A Summerland veteran is one of the people standing in line in a famous World War II photograph.
The picture, Wait for Me, Daddy, was taken Nov. 1, 1940 as members of the B.C. Regiment (Duke of Connaught’s Own Rifles) were preparing to board the S.S. Princess Joan at the New Westminster CPR docks. It shows Warren Bernard running to his father, Jack Bernard. To the left his is mother Bernice Bernard.
Farther back in the line and to the left is Charlie Bernhardt, a Summerland veteran.
Bernhardt, now 93, enlisted in Kelowna on June 15, 1940, when he was 19.
He served until October, 1945.
Reflecting on the picture, Bernhardt said it depicts one of the most difficult aspects of war.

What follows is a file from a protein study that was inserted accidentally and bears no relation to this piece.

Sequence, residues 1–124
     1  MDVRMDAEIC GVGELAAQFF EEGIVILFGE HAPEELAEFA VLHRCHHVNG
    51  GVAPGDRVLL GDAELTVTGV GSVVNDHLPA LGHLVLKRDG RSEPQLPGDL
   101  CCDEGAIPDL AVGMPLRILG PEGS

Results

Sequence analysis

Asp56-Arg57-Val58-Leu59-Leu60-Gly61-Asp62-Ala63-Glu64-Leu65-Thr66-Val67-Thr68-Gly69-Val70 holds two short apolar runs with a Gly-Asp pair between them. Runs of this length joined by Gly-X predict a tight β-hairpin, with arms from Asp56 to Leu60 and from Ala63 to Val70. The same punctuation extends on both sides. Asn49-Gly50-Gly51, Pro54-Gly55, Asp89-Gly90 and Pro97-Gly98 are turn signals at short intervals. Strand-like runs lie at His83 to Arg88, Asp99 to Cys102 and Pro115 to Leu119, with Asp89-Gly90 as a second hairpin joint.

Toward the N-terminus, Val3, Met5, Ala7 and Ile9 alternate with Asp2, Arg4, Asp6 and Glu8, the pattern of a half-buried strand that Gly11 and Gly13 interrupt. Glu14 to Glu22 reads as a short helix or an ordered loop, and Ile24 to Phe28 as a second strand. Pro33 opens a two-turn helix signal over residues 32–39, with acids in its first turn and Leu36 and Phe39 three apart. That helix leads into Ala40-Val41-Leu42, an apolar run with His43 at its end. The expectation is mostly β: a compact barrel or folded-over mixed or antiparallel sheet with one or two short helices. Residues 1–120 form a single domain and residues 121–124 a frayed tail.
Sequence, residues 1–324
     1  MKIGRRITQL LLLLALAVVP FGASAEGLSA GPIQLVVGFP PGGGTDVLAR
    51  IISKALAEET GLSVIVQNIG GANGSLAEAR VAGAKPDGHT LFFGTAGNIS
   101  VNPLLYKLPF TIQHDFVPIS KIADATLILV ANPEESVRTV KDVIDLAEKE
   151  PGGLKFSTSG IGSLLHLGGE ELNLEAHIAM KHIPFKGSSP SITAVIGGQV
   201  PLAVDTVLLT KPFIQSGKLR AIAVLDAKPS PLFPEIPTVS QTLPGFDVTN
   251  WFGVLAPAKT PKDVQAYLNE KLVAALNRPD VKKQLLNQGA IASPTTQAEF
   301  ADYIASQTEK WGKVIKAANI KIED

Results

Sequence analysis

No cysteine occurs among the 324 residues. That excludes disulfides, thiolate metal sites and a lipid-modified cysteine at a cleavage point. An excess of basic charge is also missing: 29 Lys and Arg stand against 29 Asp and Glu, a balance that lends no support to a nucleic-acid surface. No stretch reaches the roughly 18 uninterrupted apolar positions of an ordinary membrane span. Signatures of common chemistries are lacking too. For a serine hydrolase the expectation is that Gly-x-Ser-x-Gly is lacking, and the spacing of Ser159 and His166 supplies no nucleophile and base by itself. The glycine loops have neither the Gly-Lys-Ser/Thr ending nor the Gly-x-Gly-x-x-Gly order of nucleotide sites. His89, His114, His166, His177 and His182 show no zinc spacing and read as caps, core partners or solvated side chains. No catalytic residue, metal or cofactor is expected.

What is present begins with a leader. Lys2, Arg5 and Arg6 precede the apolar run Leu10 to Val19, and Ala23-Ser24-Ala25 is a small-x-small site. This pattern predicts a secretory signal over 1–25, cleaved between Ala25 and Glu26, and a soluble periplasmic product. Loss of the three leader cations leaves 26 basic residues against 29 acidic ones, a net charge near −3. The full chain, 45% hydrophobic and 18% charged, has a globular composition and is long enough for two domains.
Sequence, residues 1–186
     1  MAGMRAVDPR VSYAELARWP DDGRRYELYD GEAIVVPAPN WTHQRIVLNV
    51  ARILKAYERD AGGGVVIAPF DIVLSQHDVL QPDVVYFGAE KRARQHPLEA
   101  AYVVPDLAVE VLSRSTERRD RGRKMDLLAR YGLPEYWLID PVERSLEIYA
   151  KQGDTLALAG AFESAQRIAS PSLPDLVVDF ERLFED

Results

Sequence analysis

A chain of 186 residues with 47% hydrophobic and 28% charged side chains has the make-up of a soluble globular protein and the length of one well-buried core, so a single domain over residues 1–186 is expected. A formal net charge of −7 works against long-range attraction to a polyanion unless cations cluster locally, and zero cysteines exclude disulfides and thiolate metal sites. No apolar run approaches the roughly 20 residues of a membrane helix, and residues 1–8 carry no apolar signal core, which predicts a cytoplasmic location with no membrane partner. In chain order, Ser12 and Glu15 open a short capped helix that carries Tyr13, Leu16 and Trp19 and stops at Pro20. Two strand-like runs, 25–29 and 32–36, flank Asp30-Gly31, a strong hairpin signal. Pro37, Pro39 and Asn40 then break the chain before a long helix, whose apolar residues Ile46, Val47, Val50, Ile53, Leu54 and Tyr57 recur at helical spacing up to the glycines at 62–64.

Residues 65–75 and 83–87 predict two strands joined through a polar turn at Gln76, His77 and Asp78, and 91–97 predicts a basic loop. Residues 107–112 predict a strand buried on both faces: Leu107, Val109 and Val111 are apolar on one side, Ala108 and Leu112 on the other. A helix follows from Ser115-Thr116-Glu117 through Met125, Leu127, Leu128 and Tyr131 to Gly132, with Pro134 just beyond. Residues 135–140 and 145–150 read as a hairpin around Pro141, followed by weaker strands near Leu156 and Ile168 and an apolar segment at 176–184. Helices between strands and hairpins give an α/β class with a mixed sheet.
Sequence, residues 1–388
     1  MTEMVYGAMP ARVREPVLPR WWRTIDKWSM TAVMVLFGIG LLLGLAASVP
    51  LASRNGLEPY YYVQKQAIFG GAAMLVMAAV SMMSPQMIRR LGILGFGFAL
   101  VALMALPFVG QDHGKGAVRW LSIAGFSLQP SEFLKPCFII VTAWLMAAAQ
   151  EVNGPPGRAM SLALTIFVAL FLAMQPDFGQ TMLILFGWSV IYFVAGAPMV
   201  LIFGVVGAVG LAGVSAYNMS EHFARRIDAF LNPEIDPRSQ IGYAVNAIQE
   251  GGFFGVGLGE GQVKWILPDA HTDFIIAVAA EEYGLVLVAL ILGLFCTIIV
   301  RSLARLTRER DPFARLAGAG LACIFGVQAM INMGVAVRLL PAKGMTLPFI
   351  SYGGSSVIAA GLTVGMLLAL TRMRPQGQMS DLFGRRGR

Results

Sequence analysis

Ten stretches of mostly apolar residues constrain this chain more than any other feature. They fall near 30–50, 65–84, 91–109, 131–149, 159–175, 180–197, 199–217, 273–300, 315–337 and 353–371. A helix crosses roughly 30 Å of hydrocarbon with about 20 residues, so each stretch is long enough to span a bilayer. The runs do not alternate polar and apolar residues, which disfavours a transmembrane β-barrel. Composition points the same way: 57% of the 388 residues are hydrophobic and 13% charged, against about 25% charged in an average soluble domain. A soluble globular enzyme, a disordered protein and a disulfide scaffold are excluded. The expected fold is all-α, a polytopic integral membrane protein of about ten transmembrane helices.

“Home and family is the foundation of our society,” he said. “Here we have the separation.”
Bernhardt and the others in the picture sailed to Nanaimo. From there, he went to the Niagara Peninsula in Ontario, Nova Scotia and later to the United Kingdom.
He was with the 3rd Canadian Infantry on D-Day, June 6, 1944, and was part of the second wave of soldiers who landed that morning at 10 o’clock.
Reflecting on the war and its aftermath becomes difficult for Bernhardt as he thinks of those who died in action during those years.
“It’s the waste that bothers you,” he said. “Everybody loses in a war. Everybody.”
Today, only four of the people in the picture are still alive. Earlier this year, an event was held to honour them, although two were unable to attend.
A bronze image of the photograph was shown at the ceremony in New Westminster. A commemorative stamp and a $2 coin were also unveiled.